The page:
The Neighbourhood Planning Bill ("the Bill") had its second reading in the House of Commons on 10 October 2016. It was subject to an interesting and involved debate (which can be read here), the bulk of which was devoted to issues of increasing housing supply and, unsurprisingly, neighbourhood planning.

Within the Bill however are a series of new provisions concerning compulsory purchase which will enact changes that have been consulted on by the Department of Communities and Local Government ("DCLG") in the consultations of March 2015 (Technical consultation on improvements to the compulsory purchase process) and March 2016 (Consultation on further reform of the compulsory purchase system). These are referred to in only a few pages of the 75 page printout of the second reading, and yet they are of genuine significance. The Secretary of State for Communities and Local Government introduced them as follows:

'Part of the problem is that the process is governed by a complex patchwork of statute and case law that has built up over many years. This slows the process down, increases costs, and bewilders individuals who are caught up in it. Ultimately, it benefits nobody - with the possible exception of lawyers'.

Note the unfair dig at lawyers, who surely are not the only professionals offering professional services in the CPO realm. All would welcome a comprehensive overhaul, but this remains a pipe dream as things stand.

Some of the amendments in the Bill are more briefly stated than others, and of the more straightforward:

  1. Clause 23 repeals various pieces of CPO legislation, but chiefly Part 4 of the Land Compensation Act 1961, so that claimants can no longer come back for a second bite of the cherry in compensation terms should a planning consent be granted on the land that provides additional value within ten years of the completion of the CPO.
  2. Currently, should a CPO be confirmed, there is no requirement that the confirmation notice is served within an express time. Clause 24 of the Bill introduces a new time limit, providing that such notices must be served before the end of six weeks from the date of confirmation. It is currently proposed that this will be subject to an ability for a longer period to be agreed between the Acquiring Authority and the Confirming Authority. If the Acquiring Authority fails to comply, then the Confirming Authority is empowered to serve the notice (and recover its costs in doing so).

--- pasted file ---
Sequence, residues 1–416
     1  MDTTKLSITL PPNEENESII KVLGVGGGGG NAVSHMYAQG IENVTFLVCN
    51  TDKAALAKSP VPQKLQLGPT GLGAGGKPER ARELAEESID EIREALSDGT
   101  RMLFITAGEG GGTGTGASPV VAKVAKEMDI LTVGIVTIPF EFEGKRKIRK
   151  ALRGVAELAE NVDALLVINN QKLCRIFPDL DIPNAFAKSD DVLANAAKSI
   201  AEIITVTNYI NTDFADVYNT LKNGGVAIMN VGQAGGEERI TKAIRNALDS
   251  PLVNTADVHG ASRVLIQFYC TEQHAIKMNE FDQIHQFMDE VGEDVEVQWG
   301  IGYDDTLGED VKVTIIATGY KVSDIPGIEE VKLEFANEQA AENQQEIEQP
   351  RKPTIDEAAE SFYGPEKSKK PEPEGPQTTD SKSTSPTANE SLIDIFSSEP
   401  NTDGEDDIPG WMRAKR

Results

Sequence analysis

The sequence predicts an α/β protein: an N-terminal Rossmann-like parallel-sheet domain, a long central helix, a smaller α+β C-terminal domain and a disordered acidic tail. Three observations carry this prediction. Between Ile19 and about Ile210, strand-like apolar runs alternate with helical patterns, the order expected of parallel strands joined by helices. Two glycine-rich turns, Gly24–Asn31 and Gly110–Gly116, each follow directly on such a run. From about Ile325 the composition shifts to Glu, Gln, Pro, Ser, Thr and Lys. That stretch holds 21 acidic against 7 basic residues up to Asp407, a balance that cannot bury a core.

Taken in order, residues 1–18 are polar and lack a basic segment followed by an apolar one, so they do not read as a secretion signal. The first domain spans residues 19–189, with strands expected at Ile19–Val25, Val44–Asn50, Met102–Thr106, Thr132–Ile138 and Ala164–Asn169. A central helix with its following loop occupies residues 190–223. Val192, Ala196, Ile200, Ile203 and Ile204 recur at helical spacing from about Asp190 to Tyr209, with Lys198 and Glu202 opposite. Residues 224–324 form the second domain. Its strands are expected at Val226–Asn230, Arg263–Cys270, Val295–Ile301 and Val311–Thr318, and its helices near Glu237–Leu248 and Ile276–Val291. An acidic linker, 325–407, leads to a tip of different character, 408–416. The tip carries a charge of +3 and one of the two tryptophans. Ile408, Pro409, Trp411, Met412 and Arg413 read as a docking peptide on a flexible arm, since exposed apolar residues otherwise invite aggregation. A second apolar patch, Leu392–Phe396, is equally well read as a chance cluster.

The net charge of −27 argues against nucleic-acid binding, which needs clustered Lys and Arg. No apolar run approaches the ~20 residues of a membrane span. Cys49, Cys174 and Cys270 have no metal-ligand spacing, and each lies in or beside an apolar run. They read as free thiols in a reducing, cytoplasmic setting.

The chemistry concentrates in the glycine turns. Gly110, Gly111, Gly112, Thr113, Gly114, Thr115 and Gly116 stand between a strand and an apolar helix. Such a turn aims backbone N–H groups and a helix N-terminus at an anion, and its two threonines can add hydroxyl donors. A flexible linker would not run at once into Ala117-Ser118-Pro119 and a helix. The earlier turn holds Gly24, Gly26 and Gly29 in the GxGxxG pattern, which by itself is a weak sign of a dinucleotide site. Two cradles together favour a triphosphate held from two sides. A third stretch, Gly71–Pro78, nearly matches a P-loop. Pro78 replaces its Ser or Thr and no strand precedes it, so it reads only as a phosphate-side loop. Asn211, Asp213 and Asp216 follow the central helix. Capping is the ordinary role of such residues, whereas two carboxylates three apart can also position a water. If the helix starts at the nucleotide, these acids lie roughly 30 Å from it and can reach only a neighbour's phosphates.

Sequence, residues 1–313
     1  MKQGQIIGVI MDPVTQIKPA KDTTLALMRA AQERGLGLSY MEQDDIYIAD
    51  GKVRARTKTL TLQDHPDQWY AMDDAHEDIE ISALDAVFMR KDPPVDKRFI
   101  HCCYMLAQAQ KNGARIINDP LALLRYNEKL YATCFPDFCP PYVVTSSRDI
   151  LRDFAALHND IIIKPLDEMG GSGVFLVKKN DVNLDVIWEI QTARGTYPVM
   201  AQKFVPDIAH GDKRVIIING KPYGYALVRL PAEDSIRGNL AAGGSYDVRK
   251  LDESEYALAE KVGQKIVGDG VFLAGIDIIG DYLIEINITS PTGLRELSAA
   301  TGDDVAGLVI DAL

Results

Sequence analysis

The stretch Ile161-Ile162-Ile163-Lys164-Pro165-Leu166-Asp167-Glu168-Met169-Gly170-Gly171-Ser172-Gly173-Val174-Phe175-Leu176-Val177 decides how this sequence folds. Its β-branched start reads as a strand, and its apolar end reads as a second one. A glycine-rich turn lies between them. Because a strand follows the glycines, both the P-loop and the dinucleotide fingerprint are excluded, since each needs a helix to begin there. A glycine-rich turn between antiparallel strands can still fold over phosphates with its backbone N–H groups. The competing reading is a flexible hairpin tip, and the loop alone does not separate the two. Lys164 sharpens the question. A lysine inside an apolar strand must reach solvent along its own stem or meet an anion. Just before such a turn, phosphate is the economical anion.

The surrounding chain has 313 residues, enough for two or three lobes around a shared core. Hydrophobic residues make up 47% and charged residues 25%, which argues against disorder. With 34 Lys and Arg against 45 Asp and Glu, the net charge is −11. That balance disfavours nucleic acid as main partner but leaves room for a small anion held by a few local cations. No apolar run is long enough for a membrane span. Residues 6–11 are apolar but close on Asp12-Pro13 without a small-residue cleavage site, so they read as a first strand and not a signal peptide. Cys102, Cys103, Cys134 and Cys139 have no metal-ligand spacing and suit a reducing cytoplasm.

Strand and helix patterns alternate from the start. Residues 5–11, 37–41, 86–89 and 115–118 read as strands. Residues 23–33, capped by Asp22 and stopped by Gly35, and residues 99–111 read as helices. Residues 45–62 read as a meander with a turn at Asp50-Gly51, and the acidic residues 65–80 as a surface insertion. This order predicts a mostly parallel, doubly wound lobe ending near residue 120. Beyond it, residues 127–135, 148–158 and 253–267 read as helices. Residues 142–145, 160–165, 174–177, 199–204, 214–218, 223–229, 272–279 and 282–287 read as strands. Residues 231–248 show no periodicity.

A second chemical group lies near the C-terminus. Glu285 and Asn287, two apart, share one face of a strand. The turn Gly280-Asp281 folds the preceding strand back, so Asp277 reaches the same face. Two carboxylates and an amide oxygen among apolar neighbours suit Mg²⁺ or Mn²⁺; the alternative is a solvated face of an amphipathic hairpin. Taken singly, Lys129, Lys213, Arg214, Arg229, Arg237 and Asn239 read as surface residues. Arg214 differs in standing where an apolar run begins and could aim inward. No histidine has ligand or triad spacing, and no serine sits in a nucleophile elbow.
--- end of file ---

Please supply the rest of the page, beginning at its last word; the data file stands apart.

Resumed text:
3. Under clause 26, Transport for London and the Greater London Authority will be able to make single overarching CPOs for transport and regeneration purposes. In the words of the Secretary of State for Communities and Local Government during the second reading: 'at present, they have to artificially divide projects and run parallel processes. This causes unnecessary cost, confusion and delay to much-needed development'.
  4. Clause 27 applies the provisions of sections 203 to 206 of the Housing and Planning Act 2016 to land held on behalf of the Greater London Authority or Transport for London, to allow the overriding of easements.

The more substantive changes proposed by the Bill have been brewing for some time. They include:

  1. An ability for a CPO to authorise the temporary taking of land (see chapter 1 of part 2).
  2. Amendments to the timings of advance payments of compensation.
  3. Changes to the way disturbance compensation will apply to those in possession, to link compensation more fairly to losses incurred by dint of losing possession, particularly business loss.
  4. At long last, an attempt to put into statute the 'Pointe Gourde' principle that market valuation must be undertaken on the basis of a no scheme world (see chapter 2 of part 1, clause 22 of the Bill). This will be music to the ears of those who have grappled with the case law on this issue (particularly the Spirerose case).

These changes will be the subject of future articles. It is clear from the consultation papers referred to above, and the responses received, that they are supported by the bulk of respondents. However, piecemeal reform may serve to render the CPO process even more 'bewildering' to the uninitiated. The Bill is, for example, already amending the Housing and Planning Act 2016, which received Royal Assent only in May 2016.